The holiday season is full of cheer, but also costs. The average consumer is spending $1,430 on holiday-related gifts, entertainment and travel this year, according to PwC. With inflation weighing on budgets and interest rates rising, you might be considering leveraging the equity in your home to cover some costs. Should you?

End-of-year holiday spending statistics 2022
  • Thirty-five percent of holiday shoppers surveyed by PwC plan to spend more this year than they did in 2021.
  • Forty-three percent of Americans surveyed by Bluedot are more likely to open a store credit card to receive discounts.
  • Forty-three percent of adults surveyed by Bankrate plan to travel this holiday season, with 32 percent feeling their expenses will strain their budget.
  • Domestic flights over Christmas cost 39 percent more than they did in 2021, according to Hopper, while hotel rooms cost 32 percent more.
  • Holiday hosts are set to spend an average of $630 on gatherings, according to an Ally survey.
  • One-quarter of adults surveyed by Personal Capital plan to skip Thanksgiving dinner this year to save money, while 45 percent feel “financially stressed” about the day.

Can you use home equity to cover holiday costs?

Inflation has changed how many of us are approaching this holiday season, with a recent survey by Bankrate finding that higher prices are impacting the shopping decisions of 40 percent of respondents. Of those, more than half (59 percent) are planning to buy fewer items. Fifty-two percent are spending more time looking for coupons, discounts and sales.

With these wallet pressures and the run-up in home values of late, many homeowners have been tapping their equity to get cash for various purposes, undeterred by climbing rates on home equity products.

In fact, in the first half of 2022, home equity line of credit (HELOC) lending hit its highest level since 2007, according to CoreLogic — in part because refinance-eligible homeowners locked in likely the best rate they’ll get in 2020 and 2021, when refi rates were at record lows. Refinancing now and taking cash out simply doesn’t add up.

Enter HELOCs and home equity loans. Both allow you to borrow against your home’s equity — instead of refinancing — with the line of credit functioning similar to a credit card with a variable rate, and the loan a fixed-rate, lump-sum second mortgage you repay just like your first.

While you can put HELOC or home equity loan funds toward any expense, it’s unwise to take on this type of debt for holiday costs, says Greg McBride, CFA, chief financial analyst at Bankrate.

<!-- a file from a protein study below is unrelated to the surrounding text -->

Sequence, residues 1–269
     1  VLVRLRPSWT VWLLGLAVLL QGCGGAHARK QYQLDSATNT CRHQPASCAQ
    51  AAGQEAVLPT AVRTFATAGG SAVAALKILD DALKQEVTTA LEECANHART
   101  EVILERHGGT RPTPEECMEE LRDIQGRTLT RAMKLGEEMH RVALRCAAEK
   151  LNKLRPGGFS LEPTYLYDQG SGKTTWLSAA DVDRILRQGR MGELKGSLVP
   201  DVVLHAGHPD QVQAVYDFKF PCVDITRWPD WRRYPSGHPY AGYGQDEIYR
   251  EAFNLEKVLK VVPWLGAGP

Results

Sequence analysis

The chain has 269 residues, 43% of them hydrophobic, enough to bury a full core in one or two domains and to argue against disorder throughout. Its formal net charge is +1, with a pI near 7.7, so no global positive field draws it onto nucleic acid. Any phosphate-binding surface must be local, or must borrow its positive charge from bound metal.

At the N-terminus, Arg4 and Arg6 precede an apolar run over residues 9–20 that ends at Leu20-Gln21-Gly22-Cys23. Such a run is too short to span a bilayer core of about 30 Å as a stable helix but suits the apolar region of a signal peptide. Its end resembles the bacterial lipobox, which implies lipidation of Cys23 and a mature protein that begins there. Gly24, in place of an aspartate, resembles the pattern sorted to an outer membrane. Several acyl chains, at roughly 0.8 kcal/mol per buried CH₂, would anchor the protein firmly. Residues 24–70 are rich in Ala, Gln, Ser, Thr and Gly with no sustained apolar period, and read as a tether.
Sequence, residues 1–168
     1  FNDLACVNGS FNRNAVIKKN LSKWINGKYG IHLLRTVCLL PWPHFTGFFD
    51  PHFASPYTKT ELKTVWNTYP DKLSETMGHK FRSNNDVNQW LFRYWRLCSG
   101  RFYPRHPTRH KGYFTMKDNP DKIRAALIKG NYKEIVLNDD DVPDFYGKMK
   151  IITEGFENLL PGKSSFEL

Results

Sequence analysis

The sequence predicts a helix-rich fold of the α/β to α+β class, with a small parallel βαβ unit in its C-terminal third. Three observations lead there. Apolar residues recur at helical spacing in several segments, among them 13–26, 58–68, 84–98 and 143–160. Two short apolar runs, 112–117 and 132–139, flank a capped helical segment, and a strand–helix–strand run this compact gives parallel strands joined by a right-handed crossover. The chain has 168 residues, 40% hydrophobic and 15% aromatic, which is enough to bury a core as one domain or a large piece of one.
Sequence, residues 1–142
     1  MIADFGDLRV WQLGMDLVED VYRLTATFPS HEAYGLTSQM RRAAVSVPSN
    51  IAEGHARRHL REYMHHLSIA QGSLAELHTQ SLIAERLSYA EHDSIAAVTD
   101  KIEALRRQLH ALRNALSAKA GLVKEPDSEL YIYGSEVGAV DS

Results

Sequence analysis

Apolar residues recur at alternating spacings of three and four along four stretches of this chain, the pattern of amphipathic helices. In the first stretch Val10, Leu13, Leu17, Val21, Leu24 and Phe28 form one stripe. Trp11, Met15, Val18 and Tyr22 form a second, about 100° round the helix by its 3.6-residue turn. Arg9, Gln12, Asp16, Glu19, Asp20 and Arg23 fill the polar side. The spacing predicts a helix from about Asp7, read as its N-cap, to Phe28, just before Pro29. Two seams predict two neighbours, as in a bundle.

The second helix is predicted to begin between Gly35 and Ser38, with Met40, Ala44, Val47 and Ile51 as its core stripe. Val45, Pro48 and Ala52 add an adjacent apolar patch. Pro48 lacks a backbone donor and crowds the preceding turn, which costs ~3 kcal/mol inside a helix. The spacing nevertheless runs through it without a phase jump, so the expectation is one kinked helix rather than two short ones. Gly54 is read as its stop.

“The best uses of home equity involve something that enhances the value or livability of your home, or has the prospect of earning a higher rate of return than it cost to borrow,” says McBride. “Consumption goods and experiences do not fall into this category.”

Importantly, with home equity loans, your home is on the line as collateral. If you can’t repay what you borrow, you could lose your home to foreclosure — a risk not worth taking, even with steeper holiday expenses this year.

Better reasons to tap home equity

To be clear, opening a HELOC or getting a home equity loan to help cover holiday costs isn’t a smart move.

However, if you’re planning to remodel the rooms where you’re hosting guests this year, a HELOC might make sense. Some wiser reasons to use home equity include:

If you use the HELOC or home equity loan funds for renovations, you might be able to deduct the interest at tax time. You’ll need to itemize deductions to take advantage of this break, and the deduction limits apply to all of your mortgages and loans.

HELOCs for holiday damage or emergencies

One other potential reason to open a HELOC: in case of emergency, especially now due to cold-weather or seasonal hazards.

“Many of the claims typically made between January and March can involve things like frozen pipes, ice dams, heavy buildup of ice and snow, water and even power outages,” says Kim Hare, head of Property Claims for Farmers Insurance.

If you find yourself facing an unexpected, urgent home repair, a HELOC can help you pay to fix the damage, and at a much lower rate compared to a credit card.

Bottom line

Steer clear of tapping your home’s equity for holiday presents or travel this year. Your equity is likely the most valuable asset you have, so it’s ill-advised to put it on the line for discretionary costs.

In general, HELOCs and home equity loans are best used for renovations, education expenses or other costs that pay you back in some way. If you’re looking to use your equity, remember: This kind of borrowing puts your home up as collateral and raises your debt load. Be cautious any time you’re considering that kind of financial move.

As for your holiday budget: Avoid racking up any debt, if possible.

“Plan ahead as to what you’re likely to spend and begin setting money aside — or creating room in the budget — for those expenses,” says McBride. “But that’s the limit — don’t go into debt by spending money you don’t have. You want to spend the New Year saving up for next holiday season, not still paying for this one.”